All over Hutchinson, students make connections and learn skills from local mentors and businesses that will help them when they head to college or start their careers. But local educators and business leaders want to forge a stronger bond.

“Typically this is not a purposeful thing from the school,” said Patrick Walsh, Hutchinson High School Principal. “It has been a teacher who has shown interest in you (a student), a technician who has shown interest, someone in the community … (and) there are students who have pursued it.”

One is Sam Aten, who last year interned with Car Shop in Hutchinson. He learned of the opportunity when his father picked up his truck from the shop.

“I learned how to do a lot, how to do oil changes a lot faster, how to work on brakes and tires,” he said.

Now he is studying diesel technology at University of Northwestern Ohio, and says his experience at Car Shop helped him foster the skills he would need.

“I was planning to do this from the start,” he said.

Ruby Redekopp, now a freshman studying journalism at the University of Missouri, Columbia, spent three summers as a Leader intern via a program with the Minnesota Newspaper Association.

“It helped me choose my major,” Redekopp said. “I learned a lot about the community, and how to work in an adult world. I was given more adult responsibilities than I would have had at a regular job.”

“We want to … think about this all the time: How do we connect students to the real world?” Walsh said. “We want to have a designated interaction. We want to get 100 students (connected). We want to get everyone.”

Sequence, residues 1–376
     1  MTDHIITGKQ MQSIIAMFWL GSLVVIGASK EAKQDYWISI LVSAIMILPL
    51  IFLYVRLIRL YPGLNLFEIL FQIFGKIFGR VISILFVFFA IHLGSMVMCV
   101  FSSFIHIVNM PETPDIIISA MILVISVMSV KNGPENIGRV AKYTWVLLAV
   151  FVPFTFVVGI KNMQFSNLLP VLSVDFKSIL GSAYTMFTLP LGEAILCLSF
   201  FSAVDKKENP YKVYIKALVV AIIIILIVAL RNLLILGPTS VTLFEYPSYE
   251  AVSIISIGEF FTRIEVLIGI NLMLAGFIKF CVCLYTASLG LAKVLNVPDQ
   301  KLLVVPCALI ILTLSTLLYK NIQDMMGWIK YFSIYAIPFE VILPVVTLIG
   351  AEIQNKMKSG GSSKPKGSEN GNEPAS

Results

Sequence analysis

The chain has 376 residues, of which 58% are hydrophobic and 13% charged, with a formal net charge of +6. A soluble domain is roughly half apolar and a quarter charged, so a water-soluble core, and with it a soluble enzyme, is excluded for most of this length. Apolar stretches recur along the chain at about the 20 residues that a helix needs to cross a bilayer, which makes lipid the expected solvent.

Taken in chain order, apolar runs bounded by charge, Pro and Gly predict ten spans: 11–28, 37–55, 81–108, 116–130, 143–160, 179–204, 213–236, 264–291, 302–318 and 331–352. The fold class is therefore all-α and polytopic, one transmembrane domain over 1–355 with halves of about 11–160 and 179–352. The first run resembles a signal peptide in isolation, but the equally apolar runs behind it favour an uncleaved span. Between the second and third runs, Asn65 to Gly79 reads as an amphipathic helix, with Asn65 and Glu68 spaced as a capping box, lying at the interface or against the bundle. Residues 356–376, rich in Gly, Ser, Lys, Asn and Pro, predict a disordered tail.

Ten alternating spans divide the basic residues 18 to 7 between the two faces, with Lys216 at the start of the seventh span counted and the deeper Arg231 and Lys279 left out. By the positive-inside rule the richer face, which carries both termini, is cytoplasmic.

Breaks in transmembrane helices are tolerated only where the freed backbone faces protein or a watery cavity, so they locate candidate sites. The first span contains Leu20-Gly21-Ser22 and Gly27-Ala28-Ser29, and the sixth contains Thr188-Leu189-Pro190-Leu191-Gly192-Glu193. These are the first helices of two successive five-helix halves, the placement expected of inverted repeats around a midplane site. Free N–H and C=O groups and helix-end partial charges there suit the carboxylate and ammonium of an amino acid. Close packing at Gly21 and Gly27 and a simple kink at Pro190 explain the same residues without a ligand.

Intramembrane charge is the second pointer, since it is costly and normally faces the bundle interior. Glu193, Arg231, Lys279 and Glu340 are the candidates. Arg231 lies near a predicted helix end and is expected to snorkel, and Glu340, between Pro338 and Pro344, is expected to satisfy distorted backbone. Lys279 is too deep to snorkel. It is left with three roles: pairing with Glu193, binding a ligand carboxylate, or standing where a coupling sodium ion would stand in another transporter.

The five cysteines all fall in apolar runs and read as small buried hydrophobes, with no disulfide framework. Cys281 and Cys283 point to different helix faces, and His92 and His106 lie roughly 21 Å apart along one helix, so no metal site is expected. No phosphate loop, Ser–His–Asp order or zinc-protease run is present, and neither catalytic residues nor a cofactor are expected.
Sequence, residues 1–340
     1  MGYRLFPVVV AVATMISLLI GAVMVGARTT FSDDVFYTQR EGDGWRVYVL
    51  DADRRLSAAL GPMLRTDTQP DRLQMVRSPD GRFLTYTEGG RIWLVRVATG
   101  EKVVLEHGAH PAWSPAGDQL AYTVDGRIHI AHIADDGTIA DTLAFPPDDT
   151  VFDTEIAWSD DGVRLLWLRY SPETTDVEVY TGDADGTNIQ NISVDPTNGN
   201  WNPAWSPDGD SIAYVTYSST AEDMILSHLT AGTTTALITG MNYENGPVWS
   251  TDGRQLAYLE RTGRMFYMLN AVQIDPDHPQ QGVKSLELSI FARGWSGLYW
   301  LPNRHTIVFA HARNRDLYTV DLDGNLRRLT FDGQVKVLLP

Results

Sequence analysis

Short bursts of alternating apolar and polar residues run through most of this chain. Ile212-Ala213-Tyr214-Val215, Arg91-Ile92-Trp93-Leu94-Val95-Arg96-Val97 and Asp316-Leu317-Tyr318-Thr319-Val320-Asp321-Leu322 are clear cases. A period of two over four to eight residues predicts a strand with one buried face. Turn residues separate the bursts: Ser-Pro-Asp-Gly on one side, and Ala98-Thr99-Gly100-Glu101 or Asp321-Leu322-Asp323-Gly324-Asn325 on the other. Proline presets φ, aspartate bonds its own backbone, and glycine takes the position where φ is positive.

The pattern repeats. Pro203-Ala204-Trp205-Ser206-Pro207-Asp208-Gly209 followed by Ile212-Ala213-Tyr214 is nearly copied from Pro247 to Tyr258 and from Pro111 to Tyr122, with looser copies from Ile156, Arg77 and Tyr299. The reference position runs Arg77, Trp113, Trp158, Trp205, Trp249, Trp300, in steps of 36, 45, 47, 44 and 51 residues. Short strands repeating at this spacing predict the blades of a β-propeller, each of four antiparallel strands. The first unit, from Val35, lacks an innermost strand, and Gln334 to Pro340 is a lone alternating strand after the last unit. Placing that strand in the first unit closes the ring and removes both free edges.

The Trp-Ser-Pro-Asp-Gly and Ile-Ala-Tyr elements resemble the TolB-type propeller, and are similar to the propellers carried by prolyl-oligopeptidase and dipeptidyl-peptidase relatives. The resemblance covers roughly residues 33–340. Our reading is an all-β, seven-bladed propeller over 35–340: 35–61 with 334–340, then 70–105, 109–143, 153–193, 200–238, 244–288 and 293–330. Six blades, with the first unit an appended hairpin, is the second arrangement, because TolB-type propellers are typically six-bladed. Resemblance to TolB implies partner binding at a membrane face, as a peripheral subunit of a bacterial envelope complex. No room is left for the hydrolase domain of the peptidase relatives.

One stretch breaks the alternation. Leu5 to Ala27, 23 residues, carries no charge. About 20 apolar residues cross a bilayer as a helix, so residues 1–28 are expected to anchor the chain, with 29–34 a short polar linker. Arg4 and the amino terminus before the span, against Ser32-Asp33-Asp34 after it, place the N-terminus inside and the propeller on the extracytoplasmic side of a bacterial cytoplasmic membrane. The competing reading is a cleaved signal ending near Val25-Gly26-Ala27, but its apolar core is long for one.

Educators hope that connection can be made through TigerPath, Hutchinson High School’s career exploration program where students can take classes and explore the skills and experiences of careers such as engineering, health care, business and public service. At, businesses can click a yellow button to fill out an online form and sign up to provide an internship, mentorship, apprenticeship or work experience opportunity.

“It takes five minutes,” said Mary Hodson, Chamber of Commerce president.

She is helping connect people to the business component of TigerPath, but sign-ups are needed from those in other career fields as well.

“We want to know the experience you can provide … those students need to hear from us,” Hodson said. “Teachers want to hear from us.”

Walsh said that when enough people from the community sign up, there will be a list staff can take to students, and help match them with a learning experience tailored to their ambitions and curiosity.

“And now that student has a connection to the community,” he said.

“It means someone has helped (a student) figure out what they want to do. We are building tomorrow’s workforce for Hutchinson,” Hodson said. “I want it to be a win-win.”

She said those who sign up will still be able to vet interested students before an arrangement is finalized.

“We want students to be able to have true life experience,” Hodson said.

Local businesses are trying other ways to connect with students as well. Midwest Industrial Tool Grinding Inc. began paid job shadowing for students a few years ago.

Tiffany Waller, who took the occupational mentorship class as a senior last year, job shadowed Carly Koeberl, marketing manager at Stamp-n-Storage.

“She was awesome,” Waller said. “I would shadow Carly every day for an hour … watch what she did. I got to see more of a marketing view, which is helpful for me, because my major is public relations and communications for nonprofits … marketing is a related field.”

She is attending University of Northwestern in St. Paul.

The Hutchinson Area Chamber of Commerce and Tourism, Hutchinson Economic Development Authority, Ridgewater College and School District 423 worked with 3M to earn a $600,000 3M Gives grant, which was matched by local businesses to raise over $1.2 million for a new career and technical education area at Hutchinson High School.

“We’re upgrading it from 1961 to the 21st century,” said Mary Hodson, Chamber of Commerce president.